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TED2011

Eli Pariser: Beware online "filter bubbles"

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As web companies strive to tailor their services (including news and search results) to our personal tastes, there's a dangerous unintended consequence: We get trapped in a "filter bubble" and don't get exposed to information that could challenge or broaden our worldview. Eli Pariser argues powerfully that this will ultimately prove to be bad for us and bad for democracy.

- Organizer and author
Pioneering online organizer Eli Pariser is the author of "The Filter Bubble," about how personalized search might be narrowing our worldview. Full bio

Mark Zuckerberg,
00:15
a journalist was asking him a question about the news feed.
00:17
And the journalist was asking him,
00:20
"Why is this so important?"
00:22
And Zuckerberg said,
00:24
"A squirrel dying in your front yard
00:26
may be more relevant to your interests right now
00:28
than people dying in Africa."
00:31
And I want to talk about
00:34
what a Web based on that idea of relevance might look like.
00:36
So when I was growing up
00:40
in a really rural area in Maine,
00:42
the Internet meant something very different to me.
00:44
It meant a connection to the world.
00:47
It meant something that would connect us all together.
00:49
And I was sure that it was going to be great for democracy
00:52
and for our society.
00:55
But there's this shift
00:58
in how information is flowing online,
01:00
and it's invisible.
01:02
And if we don't pay attention to it,
01:05
it could be a real problem.
01:07
So I first noticed this in a place I spend a lot of time --
01:10
my Facebook page.
01:13
I'm progressive, politically -- big surprise --
01:15
but I've always gone out of my way to meet conservatives.
01:18
I like hearing what they're thinking about;
01:20
I like seeing what they link to;
01:22
I like learning a thing or two.
01:24
And so I was surprised when I noticed one day
01:26
that the conservatives had disappeared from my Facebook feed.
01:29
And what it turned out was going on
01:33
was that Facebook was looking at which links I clicked on,
01:35
and it was noticing that, actually,
01:39
I was clicking more on my liberal friends' links
01:41
than on my conservative friends' links.
01:43
And without consulting me about it,
01:46
it had edited them out.
01:48
They disappeared.
01:50
So Facebook isn't the only place
01:54
that's doing this kind of invisible, algorithmic
01:56
editing of the Web.
01:58
Google's doing it too.
02:01
If I search for something, and you search for something,
02:03
even right now at the very same time,
02:06
we may get very different search results.
02:08
Even if you're logged out, one engineer told me,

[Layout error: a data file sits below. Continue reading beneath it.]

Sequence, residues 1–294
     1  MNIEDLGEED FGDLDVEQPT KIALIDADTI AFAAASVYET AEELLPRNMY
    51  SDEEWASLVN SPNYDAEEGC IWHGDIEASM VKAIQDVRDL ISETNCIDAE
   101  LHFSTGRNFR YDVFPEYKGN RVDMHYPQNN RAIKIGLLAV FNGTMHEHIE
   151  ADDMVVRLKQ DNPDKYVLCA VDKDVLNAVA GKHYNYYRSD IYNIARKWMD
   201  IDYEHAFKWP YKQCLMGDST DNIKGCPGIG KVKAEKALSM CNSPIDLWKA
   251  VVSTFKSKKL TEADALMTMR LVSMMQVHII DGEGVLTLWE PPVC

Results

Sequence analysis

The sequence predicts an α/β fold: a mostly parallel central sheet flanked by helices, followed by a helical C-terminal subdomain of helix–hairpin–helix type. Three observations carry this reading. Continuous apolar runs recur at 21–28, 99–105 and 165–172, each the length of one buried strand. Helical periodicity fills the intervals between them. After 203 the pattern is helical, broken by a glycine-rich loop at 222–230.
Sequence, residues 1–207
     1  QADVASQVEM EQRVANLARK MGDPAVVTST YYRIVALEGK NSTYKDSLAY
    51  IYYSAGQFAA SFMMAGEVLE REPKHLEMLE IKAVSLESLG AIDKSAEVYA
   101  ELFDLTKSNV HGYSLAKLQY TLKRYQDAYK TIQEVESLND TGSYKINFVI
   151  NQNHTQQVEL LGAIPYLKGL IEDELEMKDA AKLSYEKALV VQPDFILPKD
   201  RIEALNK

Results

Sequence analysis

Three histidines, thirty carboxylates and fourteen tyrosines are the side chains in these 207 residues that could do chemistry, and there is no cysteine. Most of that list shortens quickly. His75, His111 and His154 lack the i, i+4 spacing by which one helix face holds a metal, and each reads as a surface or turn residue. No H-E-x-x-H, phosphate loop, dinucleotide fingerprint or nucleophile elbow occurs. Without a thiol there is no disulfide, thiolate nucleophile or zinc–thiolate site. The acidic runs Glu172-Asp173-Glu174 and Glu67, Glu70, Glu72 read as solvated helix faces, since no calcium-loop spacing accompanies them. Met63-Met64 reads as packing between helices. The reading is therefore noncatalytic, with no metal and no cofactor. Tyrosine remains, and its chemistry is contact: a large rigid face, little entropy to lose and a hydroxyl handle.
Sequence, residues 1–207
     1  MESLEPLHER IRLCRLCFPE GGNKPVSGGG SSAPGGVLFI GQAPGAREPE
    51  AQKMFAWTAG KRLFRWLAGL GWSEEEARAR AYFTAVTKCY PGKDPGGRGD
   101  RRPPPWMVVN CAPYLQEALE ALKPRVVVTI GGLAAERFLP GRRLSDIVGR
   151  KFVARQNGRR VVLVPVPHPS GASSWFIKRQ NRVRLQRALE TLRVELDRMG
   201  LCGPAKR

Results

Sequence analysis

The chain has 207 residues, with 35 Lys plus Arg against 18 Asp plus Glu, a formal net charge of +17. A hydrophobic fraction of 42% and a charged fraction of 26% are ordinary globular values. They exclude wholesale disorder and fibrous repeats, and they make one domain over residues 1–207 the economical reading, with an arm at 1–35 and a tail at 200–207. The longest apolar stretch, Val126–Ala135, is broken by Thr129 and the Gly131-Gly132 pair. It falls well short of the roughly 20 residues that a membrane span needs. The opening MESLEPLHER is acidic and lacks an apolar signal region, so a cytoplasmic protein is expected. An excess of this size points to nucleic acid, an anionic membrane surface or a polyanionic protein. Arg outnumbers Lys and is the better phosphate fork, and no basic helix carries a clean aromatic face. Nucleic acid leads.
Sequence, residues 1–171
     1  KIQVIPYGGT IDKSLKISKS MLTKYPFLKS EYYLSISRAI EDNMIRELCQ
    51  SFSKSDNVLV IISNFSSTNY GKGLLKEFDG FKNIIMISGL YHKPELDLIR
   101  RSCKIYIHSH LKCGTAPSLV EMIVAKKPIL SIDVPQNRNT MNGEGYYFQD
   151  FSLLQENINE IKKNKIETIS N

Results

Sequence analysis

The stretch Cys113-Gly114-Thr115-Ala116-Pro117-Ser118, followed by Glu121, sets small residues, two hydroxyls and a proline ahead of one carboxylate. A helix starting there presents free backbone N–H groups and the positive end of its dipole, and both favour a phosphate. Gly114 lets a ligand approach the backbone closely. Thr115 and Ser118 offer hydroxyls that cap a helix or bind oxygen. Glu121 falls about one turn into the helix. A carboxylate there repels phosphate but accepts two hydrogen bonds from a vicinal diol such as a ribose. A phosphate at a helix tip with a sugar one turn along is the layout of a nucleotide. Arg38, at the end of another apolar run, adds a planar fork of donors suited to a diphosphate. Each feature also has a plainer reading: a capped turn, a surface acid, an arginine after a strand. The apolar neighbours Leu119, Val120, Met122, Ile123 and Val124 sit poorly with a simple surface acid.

02:11
there are 57 signals
02:14
that Google looks at --
02:16
everything from what kind of computer you're on
02:19
to what kind of browser you're using
02:22
to where you're located --
02:24
that it uses to personally tailor your query results.
02:26
Think about it for a second:
02:29
there is no standard Google anymore.
02:31
And you know, the funny thing about this is that it's hard to see.
02:35
You can't see how different your search results are
02:38
from anyone else's.
02:40
But a couple of weeks ago,
02:42
I asked a bunch of friends to Google "Egypt"
02:44
and to send me screen shots of what they got.
02:47
So here's my friend Scott's screen shot.
02:50
And here's my friend Daniel's screen shot.
02:54
When you put them side-by-side,
02:57
you don't even have to read the links
02:59
to see how different these two pages are.
03:01
But when you do read the links,
03:03
it's really quite remarkable.
03:05
Daniel didn't get anything about the protests in Egypt at all
03:09
in his first page of Google results.
03:12
Scott's results were full of them.
03:14
And this was the big story of the day at that time.
03:16
That's how different these results are becoming.
03:18
So it's not just Google and Facebook either.
03:21
This is something that's sweeping the Web.
03:24
There are a whole host of companies that are doing this kind of personalization.
03:26
Yahoo News, the biggest news site on the Internet,
03:29
is now personalized -- different people get different things.
03:32
Huffington Post, the Washington Post, the New York Times --
03:36
all flirting with personalization in various ways.
03:39
And this moves us very quickly
03:42
toward a world in which
03:45
the Internet is showing us what it thinks we want to see,
03:47
but not necessarily what we need to see.
03:51
As Eric Schmidt said,
03:54
"It will be very hard for people to watch or consume something
03:57
that has not in some sense
04:00
been tailored for them."
04:02
So I do think this is a problem.
04:05
And I think, if you take all of these filters together,
04:07
you take all these algorithms,
04:10
you get what I call a filter bubble.
04:12
And your filter bubble is your own personal,
04:16
unique universe of information
04:19
that you live in online.
04:21
And what's in your filter bubble
04:23
depends on who you are, and it depends on what you do.
04:26
But the thing is that you don't decide what gets in.
04:29
And more importantly,
04:33
you don't actually see what gets edited out.
04:35
So one of the problems with the filter bubble
04:38
was discovered by some researchers at Netflix.
04:40
And they were looking at the Netflix queues, and they noticed something kind of funny
04:43
that a lot of us probably have noticed,
04:46
which is there are some movies
04:48
that just sort of zip right up and out to our houses.
04:50
They enter the queue, they just zip right out.
04:53
So "Iron Man" zips right out,
04:56
and "Waiting for Superman"
04:58
can wait for a really long time.